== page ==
Monday, October 6, 2014

"S" is for Sliding Door Console

sliding barn door console free plans

This DIY sliding barn door console was my knock off project submission for week one of Creating with the Stars last Spring and it took first place!
I'm finally getting around to sharing how I built the console so you can build it too AND for a fraction of the retail cost.

UPDATE 1/24/16: This post contains detailed information on the sliding barn door console HARDWARE with links to proper plans you can download and print.

diy sliding barn door console
My build was inspired by Sundance Catalog's Yorkville Sliding Door Console:

The retail version above sells for $2800 plus $400 shipping - yikes!  I'll show you how to make your own DIY version for $300.

diy sliding barn door hardware

The barn door hardware is fairly simple pieces you can find at any big home improvement store - aluminum bars with 1 1/2" pulley wheels.

diy sliding barn door console

Ana White recently shared my interior cedar shutter plans over at her place and the console is in those pictures which got a lot of readers interested so I thought it was time to post the plans.

diy interior cedar shutters

diy sliding barn door console interior cedar shutters

The complete step by step building plans are here.  Below are details on the hardware used to create the sliding barn door console:

Door hardware:

1 - 1" flat aluminum bar x 1/4" thick x 96"l (hanging track bar & vertical door bars)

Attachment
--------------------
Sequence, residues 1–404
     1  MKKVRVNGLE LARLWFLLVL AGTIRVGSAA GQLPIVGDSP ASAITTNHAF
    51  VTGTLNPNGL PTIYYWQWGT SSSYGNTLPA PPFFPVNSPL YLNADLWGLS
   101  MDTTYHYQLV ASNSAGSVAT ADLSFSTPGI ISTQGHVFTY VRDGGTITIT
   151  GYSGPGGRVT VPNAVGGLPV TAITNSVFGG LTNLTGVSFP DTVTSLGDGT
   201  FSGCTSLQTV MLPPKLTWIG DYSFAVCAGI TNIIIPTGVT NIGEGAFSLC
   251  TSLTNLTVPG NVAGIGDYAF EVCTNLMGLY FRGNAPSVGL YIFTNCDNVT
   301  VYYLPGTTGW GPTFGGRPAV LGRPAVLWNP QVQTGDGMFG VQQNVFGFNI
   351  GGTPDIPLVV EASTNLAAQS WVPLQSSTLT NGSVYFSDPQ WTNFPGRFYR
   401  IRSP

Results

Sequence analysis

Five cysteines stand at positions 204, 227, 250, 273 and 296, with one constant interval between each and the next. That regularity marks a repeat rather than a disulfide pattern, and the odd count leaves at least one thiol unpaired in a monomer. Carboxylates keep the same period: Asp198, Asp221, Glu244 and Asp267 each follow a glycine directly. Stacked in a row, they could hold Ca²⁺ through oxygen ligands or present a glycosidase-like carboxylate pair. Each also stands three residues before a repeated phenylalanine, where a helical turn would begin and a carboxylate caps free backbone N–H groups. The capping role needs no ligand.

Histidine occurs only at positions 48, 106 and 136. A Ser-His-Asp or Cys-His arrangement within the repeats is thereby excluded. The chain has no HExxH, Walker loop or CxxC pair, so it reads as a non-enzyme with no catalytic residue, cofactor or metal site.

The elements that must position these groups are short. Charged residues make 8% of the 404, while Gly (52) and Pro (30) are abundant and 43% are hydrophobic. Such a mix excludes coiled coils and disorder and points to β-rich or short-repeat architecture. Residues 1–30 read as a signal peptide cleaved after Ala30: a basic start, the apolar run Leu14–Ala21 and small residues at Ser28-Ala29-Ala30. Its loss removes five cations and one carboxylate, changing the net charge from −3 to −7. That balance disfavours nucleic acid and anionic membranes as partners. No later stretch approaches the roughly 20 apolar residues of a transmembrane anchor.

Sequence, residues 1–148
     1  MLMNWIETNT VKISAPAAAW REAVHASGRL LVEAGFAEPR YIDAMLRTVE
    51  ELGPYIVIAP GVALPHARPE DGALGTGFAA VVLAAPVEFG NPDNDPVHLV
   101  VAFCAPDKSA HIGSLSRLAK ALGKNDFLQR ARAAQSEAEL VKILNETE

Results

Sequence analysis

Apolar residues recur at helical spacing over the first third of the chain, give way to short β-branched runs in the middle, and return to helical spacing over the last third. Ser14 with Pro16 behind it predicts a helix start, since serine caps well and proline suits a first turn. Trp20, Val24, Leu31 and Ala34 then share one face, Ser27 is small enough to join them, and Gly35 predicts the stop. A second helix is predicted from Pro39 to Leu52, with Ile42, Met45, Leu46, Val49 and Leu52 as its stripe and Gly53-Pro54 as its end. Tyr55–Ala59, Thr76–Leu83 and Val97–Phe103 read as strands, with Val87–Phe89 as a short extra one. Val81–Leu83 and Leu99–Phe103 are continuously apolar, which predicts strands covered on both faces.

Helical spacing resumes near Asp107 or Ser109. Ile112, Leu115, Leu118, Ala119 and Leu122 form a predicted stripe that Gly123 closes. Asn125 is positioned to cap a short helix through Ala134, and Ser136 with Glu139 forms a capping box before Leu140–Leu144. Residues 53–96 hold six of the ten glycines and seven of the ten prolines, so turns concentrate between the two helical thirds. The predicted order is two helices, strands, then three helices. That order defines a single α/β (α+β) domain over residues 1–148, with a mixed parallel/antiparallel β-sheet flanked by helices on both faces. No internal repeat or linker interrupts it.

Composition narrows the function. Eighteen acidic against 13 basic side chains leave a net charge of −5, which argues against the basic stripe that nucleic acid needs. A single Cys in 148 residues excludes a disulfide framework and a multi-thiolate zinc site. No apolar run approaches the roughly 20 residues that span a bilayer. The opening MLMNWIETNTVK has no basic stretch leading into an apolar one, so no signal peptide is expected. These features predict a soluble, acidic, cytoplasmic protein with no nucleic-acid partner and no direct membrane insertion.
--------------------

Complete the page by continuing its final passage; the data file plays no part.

3 - #12 x 2 1/2" metal screws
4 - #12 x 1 1/2" metal screws
8 - #12 x 3/4" metal screws

Cut list:

1 - L shape aluminum bar @ 60"l (base track)
1 - flat aluminum bar @ 62"l (hanging track bar)
4 - flat aluminum bar @ 8 1/2"l (vertical door bars)

diy sliding barn door hardware

1. Cut the bar pieces as listed above.
This will not be fun.
Be sure to smooth any sharp edges.

diy sliding barn door hardware

I used a combination of a coping saw, dremel drill, metal rasp and steel wood.

diy sliding barn door hardware

2. You need to remove the pulley wheel from inside the pulley mechanism:

diy sliding barn door hardware

Again this will not be fun.  I used my dremel to slice off the center 'button' on both sides of pulley then  clamped it down and hammered away at the center pin using an old drill bit:

diy sliding barn door hardware

Tip: the pin will come out faster if the metal is cold (put the pulley in the freezer).

3. Spray paint all the metal pieces (I choose not to paint the screws & washers) using oil rubbed bronze:

diy sliding barn door hardware

4. Attach the base track first.  Center track and set the door in the track to be sure you have enough sliding space.  
Predrill and use 2" wood screws down into base moulding:

diy sliding barn door hardware

5. Attach the hanging track 1.75" from top.
Mark the face frame and predrill holes all the way through the frame:

diy sliding barn door hardware

Set up the hardware in the order below:

diy sliding barn door hardware

Then secure the track to the face frame:

diy sliding barn door hardware

6. Secure pulley wheel to door hardware.
Set up the hardware as listed below:
(The 1 1/2" screw could be shorter if desired.)

diy sliding barn door hardware

Place door in base track then lift 1/4" or add a spacer, you need bottom clearance for the door to glide.
Now place wheel (attached to flat bar) in track and see where everything lines up.
Use dimensions below as a guide:

diy sliding barn door hardware

Predrill holes in door front for remaining 2 washers and 3/4" screws then attach.

8. Repeat process for other side, be sure door is level.

9. Hang doors onto track.
The hex nut will allow you to adjust the tightness of the rolling wheel and enable you get past the middle screw head on the hanging track.